It sounds like I’m being a big old meanie, but we had several instances of things being installed incorrectly because the tradespeople did not listen properly or thought they had better ideas. The plumber decided that the bath should be centred under the window – except that it left very little room to access the vanity. The electrician installed our heated towel rack and power points in completely the wrong place. And the builder’s apprentice installed an additional – and very ugly – extractor fan in the ceiling without consulting us because the one we had chosen was not good enough on its own, apparently.


So, my advice? MICROMANAGE EVERYTHING. Even if they think you are being a jerk. You might be a jerk, but at least you will be the jerk who gets the bathroom they are actually paying for.



7. Any last advice for those wanting to renovate their bathroom?

Go to TAFE and get your builder’s licence first.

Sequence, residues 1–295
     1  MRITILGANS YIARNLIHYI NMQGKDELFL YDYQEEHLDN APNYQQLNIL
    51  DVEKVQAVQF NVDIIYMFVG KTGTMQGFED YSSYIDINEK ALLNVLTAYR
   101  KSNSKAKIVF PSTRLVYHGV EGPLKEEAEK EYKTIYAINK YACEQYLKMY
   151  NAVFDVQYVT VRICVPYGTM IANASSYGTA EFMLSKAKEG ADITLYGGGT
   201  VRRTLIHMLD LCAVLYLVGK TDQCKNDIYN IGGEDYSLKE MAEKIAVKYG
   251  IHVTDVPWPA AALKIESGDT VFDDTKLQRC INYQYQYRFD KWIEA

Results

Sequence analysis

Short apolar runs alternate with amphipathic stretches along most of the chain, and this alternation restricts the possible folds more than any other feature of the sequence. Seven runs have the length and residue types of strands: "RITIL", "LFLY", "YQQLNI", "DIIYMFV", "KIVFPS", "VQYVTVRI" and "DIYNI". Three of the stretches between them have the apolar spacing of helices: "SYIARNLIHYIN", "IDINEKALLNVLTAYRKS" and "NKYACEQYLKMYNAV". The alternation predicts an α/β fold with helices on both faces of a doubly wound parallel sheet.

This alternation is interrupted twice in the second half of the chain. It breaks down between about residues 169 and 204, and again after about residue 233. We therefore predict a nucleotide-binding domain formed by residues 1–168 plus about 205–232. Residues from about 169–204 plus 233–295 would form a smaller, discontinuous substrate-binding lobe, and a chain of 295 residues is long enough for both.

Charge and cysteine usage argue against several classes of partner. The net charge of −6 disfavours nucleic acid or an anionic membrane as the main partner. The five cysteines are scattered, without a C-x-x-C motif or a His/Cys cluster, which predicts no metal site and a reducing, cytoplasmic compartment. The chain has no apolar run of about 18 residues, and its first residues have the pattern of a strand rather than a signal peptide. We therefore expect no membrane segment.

Hahaha. Just kidding. (But seriously, if you can….)

My advice would be to splurge instead of scrimp (within reason). Once we realised it was going to cost $20 000 for the trades alone, the temptation was to recoup costs by using budget fittings. We decided not to do this, and stuck with the mid-range products we always intended to use. We figured that it was pointless to spend a massive chunk of money on labour for a new bathroom, only to end up with an inferior-looking finish with cheap fittings. It cost us more in the end, but we are in this house to stay so for us it was a good long-term investment.


Thank you Hugzilla for sharing your bathroom renovation experience with us. Have you ever renovated a bathroom? Have similar experiences to Hugzilla? Any tips for budding renovators?

Home Improvement Thursdays
Last week on Home Improvement Thursday, TOMFO shared this awesome DIY Sunscreen Storage project. I reckon this could make a great gift to a family at Christmas.

DIY Sunscreen Storage